Healing of the Infirm Woman


Sermon preached by Dn. James Wilcox on Sunday, December 5, 2021

Homily for December 5th, Healing of the Infirm Woman

Luke 13:10-17

Today’s Gospel lesson from Luke is a curious story. It’s a passage not shared by any other Gospel writer, in fact. Neither Matthew, Mark, nor John have a record of this account of the woman with the ‘spirit of infirmity.’ So, one might ask what was so important in this specific story that Luke chose to include it.

As we heard in the passage, this woman who was present in the Synagogue  was unable to stand upright, and for what is recorded as “10 and 8 years” in the original Greek (rather than “eighteen years” as we heard it today). Doubtless, there is some significance to it being recoded as “10 and 8 years”, because everywhere else in his Gospel Luke simply writes “18”. There some are writers in our tradition who see this “10” a spiritual allegory to the 10 commandments, and the “8” being symbolic of the “eighth day.” In early Jewish and Christian    thought, the “eighth day” was seen as the day when the Lord will come, and create anew. For in six days God created the universe, then God rested on the seventh day; on the eighth day He will come and create again! Clearly, Luke is using this “8” to refer to the Messiah’s arrival in this moment at the Synagogue where we see the infirm woman stand upright — Christ is in their midst, and he creates anew in this moment by restoring her!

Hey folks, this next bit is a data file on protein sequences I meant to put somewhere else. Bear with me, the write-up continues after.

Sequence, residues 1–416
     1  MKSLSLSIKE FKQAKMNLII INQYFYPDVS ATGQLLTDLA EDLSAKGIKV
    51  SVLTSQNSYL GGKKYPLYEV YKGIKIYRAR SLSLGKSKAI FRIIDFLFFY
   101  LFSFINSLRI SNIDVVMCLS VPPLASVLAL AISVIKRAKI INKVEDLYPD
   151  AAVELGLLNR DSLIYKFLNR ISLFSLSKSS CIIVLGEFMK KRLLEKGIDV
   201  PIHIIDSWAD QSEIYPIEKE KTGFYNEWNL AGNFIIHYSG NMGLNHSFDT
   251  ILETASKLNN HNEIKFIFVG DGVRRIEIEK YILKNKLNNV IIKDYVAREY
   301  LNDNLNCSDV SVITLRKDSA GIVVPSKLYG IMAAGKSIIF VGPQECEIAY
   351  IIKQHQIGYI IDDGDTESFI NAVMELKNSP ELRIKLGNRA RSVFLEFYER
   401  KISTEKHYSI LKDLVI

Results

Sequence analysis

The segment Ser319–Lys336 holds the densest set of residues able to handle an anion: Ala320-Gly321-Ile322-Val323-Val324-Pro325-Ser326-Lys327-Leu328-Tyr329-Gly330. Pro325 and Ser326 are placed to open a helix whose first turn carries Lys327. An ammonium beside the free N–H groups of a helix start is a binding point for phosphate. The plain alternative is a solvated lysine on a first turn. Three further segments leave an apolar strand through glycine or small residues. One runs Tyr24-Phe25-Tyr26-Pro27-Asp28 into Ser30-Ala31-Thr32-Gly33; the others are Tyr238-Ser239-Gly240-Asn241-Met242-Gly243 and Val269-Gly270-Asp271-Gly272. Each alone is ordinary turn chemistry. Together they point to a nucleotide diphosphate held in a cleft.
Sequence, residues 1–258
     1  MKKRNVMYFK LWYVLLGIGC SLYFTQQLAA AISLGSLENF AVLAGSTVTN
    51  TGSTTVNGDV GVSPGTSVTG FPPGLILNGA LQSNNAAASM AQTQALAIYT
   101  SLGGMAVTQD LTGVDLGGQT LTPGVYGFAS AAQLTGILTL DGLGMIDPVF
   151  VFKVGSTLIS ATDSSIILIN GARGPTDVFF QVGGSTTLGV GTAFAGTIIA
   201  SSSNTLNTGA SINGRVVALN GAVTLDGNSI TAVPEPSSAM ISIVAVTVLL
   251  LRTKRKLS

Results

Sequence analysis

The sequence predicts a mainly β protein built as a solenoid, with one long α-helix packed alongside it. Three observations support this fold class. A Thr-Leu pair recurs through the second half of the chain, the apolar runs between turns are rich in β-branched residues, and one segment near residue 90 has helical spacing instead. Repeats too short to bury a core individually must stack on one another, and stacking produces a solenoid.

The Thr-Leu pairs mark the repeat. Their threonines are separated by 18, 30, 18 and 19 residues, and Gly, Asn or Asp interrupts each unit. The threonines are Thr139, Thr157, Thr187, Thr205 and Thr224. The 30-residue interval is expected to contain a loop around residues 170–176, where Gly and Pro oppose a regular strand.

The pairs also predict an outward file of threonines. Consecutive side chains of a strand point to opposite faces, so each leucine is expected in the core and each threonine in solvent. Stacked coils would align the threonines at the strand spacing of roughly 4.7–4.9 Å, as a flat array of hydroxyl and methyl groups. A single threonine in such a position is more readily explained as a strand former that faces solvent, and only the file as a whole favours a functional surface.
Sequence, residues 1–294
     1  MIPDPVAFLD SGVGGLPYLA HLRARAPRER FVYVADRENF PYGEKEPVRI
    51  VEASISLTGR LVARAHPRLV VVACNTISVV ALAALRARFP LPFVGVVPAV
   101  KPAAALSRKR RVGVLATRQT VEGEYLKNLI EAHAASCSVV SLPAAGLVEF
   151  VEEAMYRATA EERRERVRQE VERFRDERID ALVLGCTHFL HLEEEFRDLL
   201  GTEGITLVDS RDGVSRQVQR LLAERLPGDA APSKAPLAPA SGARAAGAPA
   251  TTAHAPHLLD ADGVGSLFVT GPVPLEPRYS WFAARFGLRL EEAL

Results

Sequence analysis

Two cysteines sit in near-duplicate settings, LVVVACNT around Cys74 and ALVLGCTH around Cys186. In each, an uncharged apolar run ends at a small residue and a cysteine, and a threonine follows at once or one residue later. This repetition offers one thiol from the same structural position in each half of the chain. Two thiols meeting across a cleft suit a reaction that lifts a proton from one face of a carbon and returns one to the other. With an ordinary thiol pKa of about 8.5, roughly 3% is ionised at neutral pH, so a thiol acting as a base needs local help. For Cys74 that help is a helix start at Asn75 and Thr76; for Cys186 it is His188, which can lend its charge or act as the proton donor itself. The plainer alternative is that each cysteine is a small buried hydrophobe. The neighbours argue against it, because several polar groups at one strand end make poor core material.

Now today we understand this “eighth day” to be Sunday, or what is sometimes called the “Lord’s Day.” For we celebrate our Divine Liturgy on this, the “Lord’s Day,” commemorating his resurrection from the dead each Sunday, for we as   the body of Christ recognize the work of God as a continual renewal in our lives, and in the work of the Church. Still, it’s important that we recognize the notion of “spiritual infirmity” as mentioned in the  story.

Now, Luke clearly understood this eschatological idea of the “eighth day” and he encapsulated its meaning through the action of the woman’s being restored anew — and through the One who is the fulfillment of the Law. But she is also healed on the Sabbath day itself — the day of prescribed rest in Jewish Law, when no works are supposed to take place. This is not the first time we see Jesus heal on the Sabbath, of course. Luke includes four such instances in his Gospel, and each time to the dismay of the Pharisees and the Teachers of the Law.